Google is First Tech Giant to Test Watermarks to Label AI Images

A gif shows various photos, with halves display depicting watermarked and un-watermarked images.

As images made by artificial intelligence (AI) become more advanced, companies are racing to find ways to combat misinformation. Tuesday, Google announced it is testing a watermark to detect whether an image was made using AI.

The digital watermark was created by the tech monolith’s AI branch, DeepMind. The new tool, SynthID, is still in beta and is being released to a limited number of Vertex AI customers who are using Imagen, according to a release from DeepMind.

Imagen is Google’s text-to-image diffusion model, think Midjourney and Dall-E.

“This technology embeds a digital watermark directly into the pixels of an image, making it imperceptible to the human eye, but detectable for identification,” the release explains.

SynthID provides three levels of confidence, “Digital watermark detected,” “Digital watermark not detected,” and “Digital watermark possibly detected.” The last of which DeepMind describes as “Could be generated. Treat with caution.” The first two options simply mean the work is either likely or unlikely, respectively, to be generated by Imagen. Notably, none of those options purport complete confidence.

DeepMind emphasizes that SynthID is not perfect, especially regarding “extreme image manipulations.” However, Google does not explain what would be considered extreme or what might make something more challenging for SynthID to parse.

Beyond identifying AI-generated work made by others, the watermark makes it possible for Imagen users to communicate that their images are AI-made as well, even if those images are later edited or shared by others.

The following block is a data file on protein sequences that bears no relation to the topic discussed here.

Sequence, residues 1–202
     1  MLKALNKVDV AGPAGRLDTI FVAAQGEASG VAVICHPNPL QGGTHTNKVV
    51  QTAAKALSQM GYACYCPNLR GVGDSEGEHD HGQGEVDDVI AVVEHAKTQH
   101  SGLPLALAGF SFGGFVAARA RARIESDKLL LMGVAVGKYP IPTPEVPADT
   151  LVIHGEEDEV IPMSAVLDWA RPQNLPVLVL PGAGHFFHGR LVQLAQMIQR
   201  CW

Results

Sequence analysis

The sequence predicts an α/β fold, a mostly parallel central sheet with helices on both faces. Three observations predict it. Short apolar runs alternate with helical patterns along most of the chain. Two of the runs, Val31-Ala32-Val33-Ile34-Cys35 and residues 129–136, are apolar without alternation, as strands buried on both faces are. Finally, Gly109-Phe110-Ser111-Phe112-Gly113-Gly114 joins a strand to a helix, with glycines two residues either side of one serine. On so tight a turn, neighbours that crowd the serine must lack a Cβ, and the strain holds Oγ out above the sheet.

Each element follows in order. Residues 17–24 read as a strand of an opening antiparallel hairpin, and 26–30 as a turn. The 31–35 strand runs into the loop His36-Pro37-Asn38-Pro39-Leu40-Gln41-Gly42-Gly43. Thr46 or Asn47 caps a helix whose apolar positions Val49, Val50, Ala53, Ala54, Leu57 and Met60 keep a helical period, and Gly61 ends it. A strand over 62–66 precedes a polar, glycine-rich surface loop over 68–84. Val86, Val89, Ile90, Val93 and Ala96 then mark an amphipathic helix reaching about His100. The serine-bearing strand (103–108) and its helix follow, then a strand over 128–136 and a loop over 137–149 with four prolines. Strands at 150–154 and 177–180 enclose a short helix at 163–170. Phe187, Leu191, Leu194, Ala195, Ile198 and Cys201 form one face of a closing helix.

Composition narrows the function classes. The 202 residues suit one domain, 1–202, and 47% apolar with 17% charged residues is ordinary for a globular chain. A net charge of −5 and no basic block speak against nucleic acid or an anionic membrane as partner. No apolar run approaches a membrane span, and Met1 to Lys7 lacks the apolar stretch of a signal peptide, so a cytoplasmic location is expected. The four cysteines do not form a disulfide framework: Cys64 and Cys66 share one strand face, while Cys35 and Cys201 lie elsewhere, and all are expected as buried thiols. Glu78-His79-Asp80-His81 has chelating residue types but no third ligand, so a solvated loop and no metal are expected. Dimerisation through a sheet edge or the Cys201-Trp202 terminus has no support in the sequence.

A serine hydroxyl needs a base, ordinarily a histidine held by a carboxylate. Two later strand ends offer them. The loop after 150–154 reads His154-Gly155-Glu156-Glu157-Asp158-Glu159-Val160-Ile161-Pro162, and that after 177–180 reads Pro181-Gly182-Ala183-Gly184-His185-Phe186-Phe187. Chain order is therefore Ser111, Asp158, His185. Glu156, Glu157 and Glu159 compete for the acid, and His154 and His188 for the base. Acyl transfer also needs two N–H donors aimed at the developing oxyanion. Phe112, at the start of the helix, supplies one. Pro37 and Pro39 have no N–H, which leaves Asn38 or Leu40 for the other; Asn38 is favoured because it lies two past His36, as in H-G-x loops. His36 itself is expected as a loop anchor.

The release illustrates this with a photo that went through multiple edits but still reportedly has a detectable SynthID watermark. Google adds that the SynthID watermark being imperceptible eliminates concerns of it diminishing aesthetics and makes it harder to edit out.

Crucially, however, it is unclear whether SynthID can be used on AI-generated images not made with Imagen or if users can attach a SynthID watermark to AI-generated content created with another model. It seems unlikely, based on the release, which states, “SynthID could be expanded for use across other AI models.” PetaPixel reached out to Google for clarification, and Google explained that SynthID is not available for other AI models, but that it hopes to add it in the future.

“While generative AI can unlock huge creative potential, it also presents new risks, like enabling creators to spread false information — both intentionally or unintentionally,” DeepMind’s release reads. “Being able to identify AI-generated content is critical to empowering people with knowledge of when they’re interacting with generated media, and for helping prevent the spread of misinformation.”

Misinformation due to AI-generated images has become somewhat prolific in the past year. Just last week, an AI-made mugshot of former President Donald Trump made the rounds online before the real one was released.

Image generators typically have rules regarding appropriate content. But “racist and conspiratorial” false images can still be made, as is the case with Midjourney, according to a recent study

Update: This article has been updated with clarification from Google concerning the availability of SynthID for third-party AI models.

Image credits: Google